This article is Part 6 of 7 in the Intro to Data Streaming series:
In the last part of the series we (nearly) completed the design of a conceptual real-time data streaming application, but were left with two remaining issues: shrinking batch windows and processing inefficiency. In large part the IT community has settled upon the solution: fault-tolerant compute clusters and distributed file systems, lead primarily by the Hadoop ecosystem and popular NoSQL data stores like MongoDB. We can mitigate the two primary challenges faced when working with shrinking batch windows, processing failures and data size, by scaling processing across multiple computers and building in (some types of) fault-tolerance to the system. As our batch windows shrink and data size grows the simplest and (often) most cost effective solution is to add commodity hardware to a compute cluster. However, these systems come with significant complexity. It is in this context that the Lambda Architecture was conceived.
The Lambda1 Architecture was defined in a 2011 blog post by Nathan Marz and further detailed in his book, Big Data. The (perhaps regrettable) title of his post, How to Beat the CAP Theorem, shows that he was concerned with the fundamental tradeoffs of distributed systems: consistency, availability, and partition tolerance (which you cannot sacrifice). In other words, while this series approaches the subject from the perspective of the batch ETL developer, Marz was attempting to overcome problems with the real-time processing systems circa 2011. A lot has been discussed about the CAP Theorem, much of which exposed the misconceptions and limited usefulness of the theorem as defined (see Problems with CAP, and Yahoo’s little known NoSQL system by Daniel Abadi (T) and especially Please stop calling databases CP or AP by Martin Kleppmann (T) ). Nevertheless, it remains a useful, if not sufficient, way to reason about distributed systems. Marz was wrestling with an essential question: given the reality of unreliable technological and human systems, how can we meet the potentially competing requirements of producing consistent and accurate data processing results in real-time?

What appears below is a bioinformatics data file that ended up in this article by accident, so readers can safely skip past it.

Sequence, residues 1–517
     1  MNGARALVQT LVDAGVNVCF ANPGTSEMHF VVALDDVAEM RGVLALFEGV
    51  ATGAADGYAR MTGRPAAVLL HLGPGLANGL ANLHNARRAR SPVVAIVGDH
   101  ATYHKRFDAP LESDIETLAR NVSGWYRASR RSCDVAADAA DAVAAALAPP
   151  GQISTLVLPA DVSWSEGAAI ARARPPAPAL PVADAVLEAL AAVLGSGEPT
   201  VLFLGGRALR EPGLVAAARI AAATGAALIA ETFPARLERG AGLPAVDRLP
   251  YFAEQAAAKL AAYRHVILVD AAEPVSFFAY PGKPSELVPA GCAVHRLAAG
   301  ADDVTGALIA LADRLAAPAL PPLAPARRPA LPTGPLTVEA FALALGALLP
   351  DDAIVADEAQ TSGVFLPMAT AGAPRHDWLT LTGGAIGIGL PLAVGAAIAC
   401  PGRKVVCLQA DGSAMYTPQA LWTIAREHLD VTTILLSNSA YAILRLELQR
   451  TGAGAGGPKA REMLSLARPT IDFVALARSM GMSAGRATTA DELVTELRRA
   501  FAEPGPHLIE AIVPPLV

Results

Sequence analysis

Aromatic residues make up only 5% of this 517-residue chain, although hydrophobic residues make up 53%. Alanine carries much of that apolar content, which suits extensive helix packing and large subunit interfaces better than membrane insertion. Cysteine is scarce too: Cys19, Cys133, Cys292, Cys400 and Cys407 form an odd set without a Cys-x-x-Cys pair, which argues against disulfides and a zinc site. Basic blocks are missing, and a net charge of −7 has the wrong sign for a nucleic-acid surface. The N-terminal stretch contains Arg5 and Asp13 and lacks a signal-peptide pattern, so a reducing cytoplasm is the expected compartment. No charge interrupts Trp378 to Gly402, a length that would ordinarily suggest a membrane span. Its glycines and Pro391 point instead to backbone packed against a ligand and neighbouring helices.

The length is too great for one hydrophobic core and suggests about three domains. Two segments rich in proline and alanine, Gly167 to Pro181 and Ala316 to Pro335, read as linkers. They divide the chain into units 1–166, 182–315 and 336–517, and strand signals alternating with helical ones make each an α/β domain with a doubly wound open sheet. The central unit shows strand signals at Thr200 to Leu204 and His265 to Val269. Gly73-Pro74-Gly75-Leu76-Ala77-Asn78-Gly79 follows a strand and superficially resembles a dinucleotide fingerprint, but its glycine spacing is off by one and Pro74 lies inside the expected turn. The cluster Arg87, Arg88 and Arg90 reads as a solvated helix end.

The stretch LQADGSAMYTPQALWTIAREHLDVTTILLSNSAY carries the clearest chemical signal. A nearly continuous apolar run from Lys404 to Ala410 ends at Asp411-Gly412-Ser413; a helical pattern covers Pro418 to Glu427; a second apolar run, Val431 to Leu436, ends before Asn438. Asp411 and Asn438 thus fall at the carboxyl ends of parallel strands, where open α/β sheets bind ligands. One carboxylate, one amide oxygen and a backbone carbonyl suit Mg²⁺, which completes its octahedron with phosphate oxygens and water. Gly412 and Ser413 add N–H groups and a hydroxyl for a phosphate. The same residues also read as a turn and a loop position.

Marz described an architecture of ‘layers’, the ‘speed layer,’ ‘batch layer,’ and ‘serving layer,’ as shown in the following figure:
The batch layer is composed, as you would expect, of a distributed file system such as HDFS and a computation engine like Spark. In order to achieve real-time capabilities, however, another set of systems must be included. A low-latency distributed data store and a built-for-purpose real-time computation engine such as the Marz-authored Apache Storm, which is a popular option, are also required.
The concept is this: the batch layer provides the foundation of the architecture by producing provably-accurate results at a point-in-time at scale. In the time between execution of batch processing, the ‘speed layer’ is to consume data as it arrives and provide approximate calculations. These calculations may suffer from inaccuracies common to real-time processing, such as those caused by out-of-order messages, mistakes in code, or changing business requirements. But, not to worry, these temporary inaccuracies are corrected by the batch layer the next time processing occurs. Upon completion of batch processing, accumulated data that is not required for stateful real-time computation is purged from the speed layer, which minimizes resource utilization and latency. Thus, the ‘speed layer’ exists simply to bridge the timeliness gap between batch processing windows. Batch and real-time functions produce separate materialized views of the data that must be unioned at the ‘serving layer.’ The ‘serving layer’ is responsible for ensuring that the results produced by the two computation layers are reconciled and presented in a semantically consistent manner.
For Marz, batch processing presents a solution to the problems of real-time distributed data processing. At least in the presence of a system like Hadoop, it is as scalable. Most importantly, it is as simple data processing gets. Apply logic to a set of unchanging data and receive (eventually) accurate results. In his context wherein traditional batch processing problems have been solved through modifications to the overall architecture as described in parts 4 and 5 of this series Marz is correct that the primary problem with batch processing is that it does not produce results in real-time.
The Lambda Architecture has been implemented with success many times. And this is, needless to say, only a very high level overview appropriate for an introduction. I strongly urge you to read the blog post at a minimum, or even the book. It is, however, not without flaws. In the next part of the series we will examine these flaws in context of one proposed alternative, the Kappa Architecture.